biometry (n.) Look up biometry at
see biometrics.
biomorphic (adj.) Look up biomorphic at
1895, from bio- + Greek morphe "form" (see Morpheus) + -ic.
bionic (adj.) Look up bionic at
1901, as a term in the study of fossils, from Greek. bios "life" (from PIE root *gwei- "to live"). Meaning "pertaining to bionics" is recorded from 1963. Popular sense of "superhumanly gifted or durable" is from 1976, from popular U.S. television program "The Bionic Man" and its spin-offs.
bionics (n.) Look up bionics at
1959, from bio- "life" + second element from electronic; also see -ics.
bionomics (n.) Look up bionomics at
"science of organic evolution; ecology," 1888, coined by Scottish biologist Patrick Geddes (1854-1932) from Greek bios "life" (from PIE root *gwei- "to live") + nomos "managing," from nemein "to manage," from PIE root *nem- "to divide, distribute, allot" (see nemesis).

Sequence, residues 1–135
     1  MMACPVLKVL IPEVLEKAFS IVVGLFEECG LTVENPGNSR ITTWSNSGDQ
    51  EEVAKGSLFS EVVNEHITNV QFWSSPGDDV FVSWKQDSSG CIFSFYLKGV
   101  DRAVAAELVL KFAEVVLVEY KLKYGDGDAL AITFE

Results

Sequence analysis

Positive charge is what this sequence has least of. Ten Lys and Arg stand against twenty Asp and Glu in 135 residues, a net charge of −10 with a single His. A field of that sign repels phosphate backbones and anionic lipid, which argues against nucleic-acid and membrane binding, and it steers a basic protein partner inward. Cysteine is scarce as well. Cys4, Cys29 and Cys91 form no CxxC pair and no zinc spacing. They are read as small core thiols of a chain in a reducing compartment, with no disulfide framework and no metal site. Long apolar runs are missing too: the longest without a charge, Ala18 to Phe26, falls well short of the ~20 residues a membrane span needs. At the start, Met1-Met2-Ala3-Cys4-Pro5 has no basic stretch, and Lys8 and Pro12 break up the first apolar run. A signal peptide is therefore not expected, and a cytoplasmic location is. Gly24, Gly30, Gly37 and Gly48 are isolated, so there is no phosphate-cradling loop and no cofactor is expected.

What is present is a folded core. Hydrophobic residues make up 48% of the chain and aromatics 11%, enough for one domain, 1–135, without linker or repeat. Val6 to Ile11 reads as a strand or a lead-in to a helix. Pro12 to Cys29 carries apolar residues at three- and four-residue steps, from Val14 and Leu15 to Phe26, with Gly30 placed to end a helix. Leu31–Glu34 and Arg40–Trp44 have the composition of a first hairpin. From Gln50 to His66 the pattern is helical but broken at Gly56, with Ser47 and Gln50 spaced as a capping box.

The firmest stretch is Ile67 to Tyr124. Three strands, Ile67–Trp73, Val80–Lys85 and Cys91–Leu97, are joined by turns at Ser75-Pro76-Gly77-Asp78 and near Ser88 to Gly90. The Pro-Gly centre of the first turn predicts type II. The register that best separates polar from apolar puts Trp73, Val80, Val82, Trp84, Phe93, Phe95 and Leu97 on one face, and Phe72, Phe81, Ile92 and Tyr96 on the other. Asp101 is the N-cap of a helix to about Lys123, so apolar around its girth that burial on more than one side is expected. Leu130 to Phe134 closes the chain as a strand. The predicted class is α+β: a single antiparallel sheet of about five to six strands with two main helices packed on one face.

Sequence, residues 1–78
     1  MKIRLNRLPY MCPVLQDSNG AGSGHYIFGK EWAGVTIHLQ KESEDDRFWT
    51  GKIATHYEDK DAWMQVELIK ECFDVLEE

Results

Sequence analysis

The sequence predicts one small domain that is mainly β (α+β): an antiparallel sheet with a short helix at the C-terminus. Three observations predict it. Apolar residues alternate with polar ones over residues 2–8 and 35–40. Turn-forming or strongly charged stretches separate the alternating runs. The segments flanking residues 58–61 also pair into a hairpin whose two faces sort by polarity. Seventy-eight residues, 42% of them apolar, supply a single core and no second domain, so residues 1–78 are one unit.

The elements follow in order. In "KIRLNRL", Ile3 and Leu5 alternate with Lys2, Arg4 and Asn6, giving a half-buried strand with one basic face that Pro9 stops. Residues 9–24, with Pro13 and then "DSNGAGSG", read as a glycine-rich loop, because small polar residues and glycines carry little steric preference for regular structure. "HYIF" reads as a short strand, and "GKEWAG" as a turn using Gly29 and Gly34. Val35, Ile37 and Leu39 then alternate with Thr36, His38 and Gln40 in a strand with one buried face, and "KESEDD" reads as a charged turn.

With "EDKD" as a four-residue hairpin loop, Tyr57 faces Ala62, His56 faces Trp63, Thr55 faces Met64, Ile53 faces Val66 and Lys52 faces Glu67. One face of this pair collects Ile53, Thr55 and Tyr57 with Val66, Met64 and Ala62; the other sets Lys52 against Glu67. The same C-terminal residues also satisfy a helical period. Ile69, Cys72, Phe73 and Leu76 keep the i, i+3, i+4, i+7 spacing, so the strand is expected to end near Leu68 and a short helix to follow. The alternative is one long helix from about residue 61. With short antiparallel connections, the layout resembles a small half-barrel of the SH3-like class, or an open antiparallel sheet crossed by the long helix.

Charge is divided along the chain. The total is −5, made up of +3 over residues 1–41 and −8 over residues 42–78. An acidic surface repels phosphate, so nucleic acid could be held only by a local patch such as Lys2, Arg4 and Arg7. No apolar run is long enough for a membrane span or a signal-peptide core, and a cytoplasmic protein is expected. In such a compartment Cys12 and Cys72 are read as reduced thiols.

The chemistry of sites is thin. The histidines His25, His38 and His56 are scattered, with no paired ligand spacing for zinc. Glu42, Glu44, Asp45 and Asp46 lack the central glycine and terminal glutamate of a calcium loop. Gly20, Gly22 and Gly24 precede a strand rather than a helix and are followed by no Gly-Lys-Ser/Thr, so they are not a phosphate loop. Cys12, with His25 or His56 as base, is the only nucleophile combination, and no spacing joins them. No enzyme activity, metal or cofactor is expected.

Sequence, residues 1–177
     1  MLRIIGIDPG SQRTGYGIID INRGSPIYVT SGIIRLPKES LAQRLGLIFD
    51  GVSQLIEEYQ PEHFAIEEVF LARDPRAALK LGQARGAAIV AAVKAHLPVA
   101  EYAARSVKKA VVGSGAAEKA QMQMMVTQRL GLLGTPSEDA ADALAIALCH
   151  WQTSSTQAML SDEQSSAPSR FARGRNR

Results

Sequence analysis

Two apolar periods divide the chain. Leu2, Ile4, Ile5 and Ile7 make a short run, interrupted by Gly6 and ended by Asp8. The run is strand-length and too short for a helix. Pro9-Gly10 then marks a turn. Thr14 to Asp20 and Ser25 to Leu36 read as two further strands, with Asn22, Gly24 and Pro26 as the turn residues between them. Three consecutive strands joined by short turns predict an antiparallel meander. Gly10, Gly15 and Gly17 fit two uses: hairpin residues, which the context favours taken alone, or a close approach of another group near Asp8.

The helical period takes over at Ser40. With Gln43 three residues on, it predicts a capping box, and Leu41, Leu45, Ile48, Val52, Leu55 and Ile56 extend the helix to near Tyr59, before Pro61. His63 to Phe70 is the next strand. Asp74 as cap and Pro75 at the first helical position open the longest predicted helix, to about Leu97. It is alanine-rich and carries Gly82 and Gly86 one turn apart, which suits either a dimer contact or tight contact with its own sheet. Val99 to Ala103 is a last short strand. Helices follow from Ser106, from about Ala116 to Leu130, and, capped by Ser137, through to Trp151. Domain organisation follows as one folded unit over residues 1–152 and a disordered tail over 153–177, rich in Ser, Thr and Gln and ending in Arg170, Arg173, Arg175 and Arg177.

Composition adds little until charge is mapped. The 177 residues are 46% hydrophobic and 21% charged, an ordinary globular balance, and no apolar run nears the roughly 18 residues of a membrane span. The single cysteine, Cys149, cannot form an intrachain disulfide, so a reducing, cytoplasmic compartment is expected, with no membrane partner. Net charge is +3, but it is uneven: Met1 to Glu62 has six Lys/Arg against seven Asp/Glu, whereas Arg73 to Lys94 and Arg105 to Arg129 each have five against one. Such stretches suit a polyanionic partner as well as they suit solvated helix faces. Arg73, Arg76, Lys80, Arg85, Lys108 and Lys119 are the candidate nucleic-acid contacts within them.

biopic (n.) Look up biopic at
also bio-pic, 1951, from biographical + (moving) picture. Frequent from mid-1951 in "Billboard" and possibly coined there.
biopsy (n.) Look up biopsy at
1895, from French biopsie, coined by French dermatologist Ernest Besnier (1831-1909) from Greek bi- comb. form of bios "life" (from PIE root *gwei- "to live") + opsis "a sight" (see eye (n.)). As a verb, from 1964.
biorhythm (n.) Look up biorhythm at
also bio-rhythm, 1960, from bio- + rhythm. Related: Biorhythmic.
biosphere (n.) Look up biosphere at
1899, from or modeled on German Biosphäre (1875), coined by German geologist Eduard Suess (1831-1914); see bio- + sphere.
biota (n.) Look up biota at
1901, from Greek biota "life," from PIE root *gwei- "to live."
biotechnology (n.) Look up biotechnology at
also bio-technology, 1947, "use of machinery in relation to human needs;" 1972 in sense of "use of biological processes in industrial production," from bio- + technology.
bioterrorism (n.) Look up bioterrorism at
also bio-terrorism, by 1997, from bio- + terrorism. Related: Bioterrorist.